Three Madcap 'Zero Theorem' Featurettes Enter Terry Gilliam's Mind

Tuesday, 18 February 2014 09:28 Written by  Jordan DeSaulnier
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Three Madcap 'Zero Theorem' Featurettes Enter Terry Gilliam's Mind

The Zero Theorem looks absolutely over-the-top bonkers in a way that only Terry Gilliam could manage, juggling madcap comedy, surreal imagery, and a serious satirical point of view.

A trio of revealing featurettes duck behind the scenes of the strange new film, showing how so singular a product results from a whole lot of inventive professionals like Christoph Waltz bringing the bizarre to Gilliam's next.

The member of Monty Python's Flying Circus has done a dystopia before, and the result was Brazil, a straight-up classic and almost inarguably Gilliam's best movie.  So it's thrilling that The Zero Theorem is a spiritual successor to Brazil, with Gilliam once again projecting a strange, strange future to comment on the present.

This future is one of information overload and omnipresent advertising, a world of constant streaming data in which worshipers pray to Batman the Redeemer and a ubiquitous corporation called Mancom collects info on everything everywhere.  One Mancom employee by the name of Qohen Leth, an existentially tortured computer genius attempting to figure out the meaning of life, if it's even out there.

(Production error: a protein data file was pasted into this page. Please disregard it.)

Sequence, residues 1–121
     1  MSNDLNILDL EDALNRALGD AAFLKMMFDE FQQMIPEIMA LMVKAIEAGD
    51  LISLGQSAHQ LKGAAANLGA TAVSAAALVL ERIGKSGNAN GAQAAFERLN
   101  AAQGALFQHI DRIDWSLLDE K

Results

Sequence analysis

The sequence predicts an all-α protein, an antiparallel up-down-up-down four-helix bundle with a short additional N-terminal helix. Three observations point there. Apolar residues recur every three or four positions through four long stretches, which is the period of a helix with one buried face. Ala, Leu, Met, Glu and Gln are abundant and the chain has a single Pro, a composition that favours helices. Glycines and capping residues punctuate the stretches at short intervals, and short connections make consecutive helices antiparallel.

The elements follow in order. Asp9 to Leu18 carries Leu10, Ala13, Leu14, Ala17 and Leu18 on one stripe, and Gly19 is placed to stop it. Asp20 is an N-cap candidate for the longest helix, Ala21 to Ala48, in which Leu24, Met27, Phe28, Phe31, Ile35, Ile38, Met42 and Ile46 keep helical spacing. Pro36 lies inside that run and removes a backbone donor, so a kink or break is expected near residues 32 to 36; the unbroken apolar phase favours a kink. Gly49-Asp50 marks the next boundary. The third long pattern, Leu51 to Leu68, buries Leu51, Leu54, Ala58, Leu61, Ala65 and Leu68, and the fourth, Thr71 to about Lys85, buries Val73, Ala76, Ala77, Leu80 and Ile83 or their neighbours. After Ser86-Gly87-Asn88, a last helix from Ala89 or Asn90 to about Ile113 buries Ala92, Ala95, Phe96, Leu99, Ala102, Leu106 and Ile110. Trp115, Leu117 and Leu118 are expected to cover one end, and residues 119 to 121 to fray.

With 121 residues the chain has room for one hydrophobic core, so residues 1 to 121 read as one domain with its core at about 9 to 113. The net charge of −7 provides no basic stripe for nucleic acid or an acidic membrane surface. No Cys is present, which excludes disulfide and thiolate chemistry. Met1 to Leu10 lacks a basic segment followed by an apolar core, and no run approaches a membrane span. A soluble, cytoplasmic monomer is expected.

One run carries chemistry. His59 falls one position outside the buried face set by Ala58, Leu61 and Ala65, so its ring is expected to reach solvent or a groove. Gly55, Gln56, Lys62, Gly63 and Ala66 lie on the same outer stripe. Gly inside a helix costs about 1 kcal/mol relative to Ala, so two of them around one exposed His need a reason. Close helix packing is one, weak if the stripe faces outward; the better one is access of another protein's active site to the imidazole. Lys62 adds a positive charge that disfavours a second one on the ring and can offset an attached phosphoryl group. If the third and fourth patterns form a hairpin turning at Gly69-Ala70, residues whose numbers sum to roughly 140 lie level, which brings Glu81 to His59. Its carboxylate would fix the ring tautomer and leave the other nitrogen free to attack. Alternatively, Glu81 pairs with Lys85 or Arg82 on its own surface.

With The Zero Theorem hitting U.K. cinemas next month, this crop of quick featurettes have emerged:

Waltz carries the film as Qohen Leth, but the cast also includes Melanie Thierry, David Thewlis, Tilda Swinton, Ben Whishaw, Lucas Hedges, and even Matt Damon in a small Mancom-related role.

Just last week, Gilliam revealed that he intends to make The Man Who Killed Don Quixote his next film.  If that actually finally comes to pass, it will mark the end of a quest the director has been on for more than two decades.  Fingers crossed.

And if these The Zero Theorem featurettes left you confounded, then you might want to check out Gilliam's explanation from last summer, when he said, "In a strange way, this film deals with several aspects of that modern world. I’m obsessed with this challenge of being alone. How do you know who you are when now, nobody lives for the moment? They are all commenting about the moment — tweeting, on Facebook. We’re here, having dinner, and here’s a picture of the dinner, look at this! Rather than being there, enjoying the meal and talking to the people who are there. It might sound schizophrenic, but I feel there is a scattering of our lives."

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